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  • In maryland, at what age is a child able to decide which biological parent he wants to live with?

    both households provide caring environments

    Rebecca’s Answer

    The custody of any child under the age of 18 must be agreed upon by the parents, or ordered by the court. A child is not entitled to make his/her own decision about who to live with, however, Maryland law provides that a child who is 16 years old or older and who is subject to a custody order or decree may file a petition to change custody. The child may file him/herself and does not need an adult to act as a guardian or representative. The court is required to hold a hearing and take testimony as to why the change of custody is in the best interests of the child. If the court believes that a change of custody is warranted, it will issue an order to that effect.

    The alternative would be for the noncustodial parent to ask the court to modify the existing custody order and grant him/her custody. In that case, the 16 year old's testimony would carry considerable weight. In addition, an action by the noncustodial parent could include a request for an order of child support.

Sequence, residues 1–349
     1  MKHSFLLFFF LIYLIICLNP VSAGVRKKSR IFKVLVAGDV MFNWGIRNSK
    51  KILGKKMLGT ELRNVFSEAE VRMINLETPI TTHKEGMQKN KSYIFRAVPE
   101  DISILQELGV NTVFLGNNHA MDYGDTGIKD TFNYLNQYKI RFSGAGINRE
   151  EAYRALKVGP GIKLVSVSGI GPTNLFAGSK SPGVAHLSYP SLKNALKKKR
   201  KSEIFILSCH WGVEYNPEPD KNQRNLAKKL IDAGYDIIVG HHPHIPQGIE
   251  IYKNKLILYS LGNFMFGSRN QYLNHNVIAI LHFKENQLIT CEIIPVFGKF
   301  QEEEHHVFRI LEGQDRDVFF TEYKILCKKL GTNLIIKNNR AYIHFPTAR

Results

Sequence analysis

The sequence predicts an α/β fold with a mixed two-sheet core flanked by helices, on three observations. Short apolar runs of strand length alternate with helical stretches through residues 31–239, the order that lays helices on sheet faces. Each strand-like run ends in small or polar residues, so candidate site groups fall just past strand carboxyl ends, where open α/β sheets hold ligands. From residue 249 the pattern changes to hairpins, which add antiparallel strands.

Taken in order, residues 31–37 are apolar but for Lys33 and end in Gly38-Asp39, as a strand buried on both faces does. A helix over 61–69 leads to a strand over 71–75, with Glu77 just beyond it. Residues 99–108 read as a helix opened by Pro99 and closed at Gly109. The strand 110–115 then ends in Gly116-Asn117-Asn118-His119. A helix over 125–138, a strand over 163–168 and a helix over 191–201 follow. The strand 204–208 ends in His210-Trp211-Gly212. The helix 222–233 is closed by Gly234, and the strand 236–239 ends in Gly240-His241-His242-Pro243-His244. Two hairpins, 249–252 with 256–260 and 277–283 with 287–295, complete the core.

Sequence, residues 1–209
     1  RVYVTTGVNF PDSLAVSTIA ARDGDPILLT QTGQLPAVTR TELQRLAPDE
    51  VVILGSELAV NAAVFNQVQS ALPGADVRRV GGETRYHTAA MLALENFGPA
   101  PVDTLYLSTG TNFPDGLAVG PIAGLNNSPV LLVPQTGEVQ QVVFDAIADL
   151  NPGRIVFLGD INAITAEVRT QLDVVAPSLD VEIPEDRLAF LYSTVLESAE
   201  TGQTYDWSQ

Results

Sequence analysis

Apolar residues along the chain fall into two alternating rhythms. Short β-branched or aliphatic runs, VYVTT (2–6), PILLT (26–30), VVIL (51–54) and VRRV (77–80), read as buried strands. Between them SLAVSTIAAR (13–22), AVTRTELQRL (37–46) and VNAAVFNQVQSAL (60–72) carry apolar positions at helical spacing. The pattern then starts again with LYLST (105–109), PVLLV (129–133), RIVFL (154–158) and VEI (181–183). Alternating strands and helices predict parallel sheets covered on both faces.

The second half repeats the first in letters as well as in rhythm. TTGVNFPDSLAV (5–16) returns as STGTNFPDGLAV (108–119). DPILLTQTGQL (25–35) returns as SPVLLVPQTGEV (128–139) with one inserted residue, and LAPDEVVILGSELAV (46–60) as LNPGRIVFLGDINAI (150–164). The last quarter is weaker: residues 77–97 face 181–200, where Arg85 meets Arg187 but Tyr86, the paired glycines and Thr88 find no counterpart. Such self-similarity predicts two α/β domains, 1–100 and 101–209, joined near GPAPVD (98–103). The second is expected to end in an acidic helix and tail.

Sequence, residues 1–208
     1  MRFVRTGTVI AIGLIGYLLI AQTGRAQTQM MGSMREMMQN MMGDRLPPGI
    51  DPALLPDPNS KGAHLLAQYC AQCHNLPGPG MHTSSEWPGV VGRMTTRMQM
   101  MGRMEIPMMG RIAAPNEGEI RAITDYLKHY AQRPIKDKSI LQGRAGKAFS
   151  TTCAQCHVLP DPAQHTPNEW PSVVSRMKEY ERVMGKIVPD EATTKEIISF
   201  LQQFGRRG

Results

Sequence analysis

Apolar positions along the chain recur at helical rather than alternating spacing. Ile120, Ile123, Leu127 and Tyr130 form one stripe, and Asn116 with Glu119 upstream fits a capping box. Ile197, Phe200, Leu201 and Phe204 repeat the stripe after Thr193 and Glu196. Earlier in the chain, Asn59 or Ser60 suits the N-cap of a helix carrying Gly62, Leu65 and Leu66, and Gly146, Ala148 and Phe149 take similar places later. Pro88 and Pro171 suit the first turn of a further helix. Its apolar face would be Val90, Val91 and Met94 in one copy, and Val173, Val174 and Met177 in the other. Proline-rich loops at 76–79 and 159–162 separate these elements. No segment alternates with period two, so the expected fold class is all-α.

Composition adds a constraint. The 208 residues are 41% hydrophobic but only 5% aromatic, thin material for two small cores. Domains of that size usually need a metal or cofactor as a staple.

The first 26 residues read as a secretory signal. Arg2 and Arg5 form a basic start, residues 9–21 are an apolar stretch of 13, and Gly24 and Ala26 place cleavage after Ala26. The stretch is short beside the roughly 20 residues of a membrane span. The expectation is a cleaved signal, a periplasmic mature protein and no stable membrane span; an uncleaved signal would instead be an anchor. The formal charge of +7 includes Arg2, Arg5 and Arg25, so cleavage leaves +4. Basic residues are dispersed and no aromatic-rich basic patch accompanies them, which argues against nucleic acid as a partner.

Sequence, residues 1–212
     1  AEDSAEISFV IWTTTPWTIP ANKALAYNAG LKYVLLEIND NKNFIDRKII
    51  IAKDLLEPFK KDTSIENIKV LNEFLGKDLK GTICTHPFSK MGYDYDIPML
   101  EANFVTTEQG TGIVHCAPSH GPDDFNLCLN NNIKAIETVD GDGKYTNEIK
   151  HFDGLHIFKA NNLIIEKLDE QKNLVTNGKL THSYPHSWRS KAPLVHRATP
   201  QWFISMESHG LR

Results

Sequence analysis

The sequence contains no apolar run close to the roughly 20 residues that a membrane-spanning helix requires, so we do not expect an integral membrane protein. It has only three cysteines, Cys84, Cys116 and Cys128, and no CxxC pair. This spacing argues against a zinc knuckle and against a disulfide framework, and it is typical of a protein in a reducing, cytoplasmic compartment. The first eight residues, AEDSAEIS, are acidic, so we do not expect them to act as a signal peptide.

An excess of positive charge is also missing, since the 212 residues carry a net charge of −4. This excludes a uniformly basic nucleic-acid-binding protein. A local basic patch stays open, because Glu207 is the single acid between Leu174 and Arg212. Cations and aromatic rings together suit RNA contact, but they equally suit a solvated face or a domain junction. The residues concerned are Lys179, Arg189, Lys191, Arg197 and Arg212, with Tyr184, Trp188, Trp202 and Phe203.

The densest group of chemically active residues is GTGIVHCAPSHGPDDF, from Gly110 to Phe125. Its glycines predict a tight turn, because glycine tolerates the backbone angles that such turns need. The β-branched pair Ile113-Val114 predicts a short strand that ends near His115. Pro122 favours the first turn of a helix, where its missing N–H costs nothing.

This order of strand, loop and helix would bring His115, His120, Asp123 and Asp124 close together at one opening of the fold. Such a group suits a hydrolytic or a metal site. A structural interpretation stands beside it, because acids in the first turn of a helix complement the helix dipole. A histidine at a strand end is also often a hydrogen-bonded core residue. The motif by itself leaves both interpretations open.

Please feel free to contact me if the 16 year old or parent in question needs some guidance on how to go about this.

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  • I am separated from my husband but in the event of my death, I would want him and his family to have custody of my daughter.

    My husband is a a foreigner and might not be in the US at that time. He has a brother in Sweden that might be able to come and get her. And my husbands parents live in Africa and I would want them to take care of her if my husband or family memb...

    Rebecca’s Answer

    • Selected as best answer

    It sounds as if you need a Trust & Estate lawyer, not a divorce attorney. A T&E attorney can help you set up a plan for your daughter's future, including any necessary guardianships.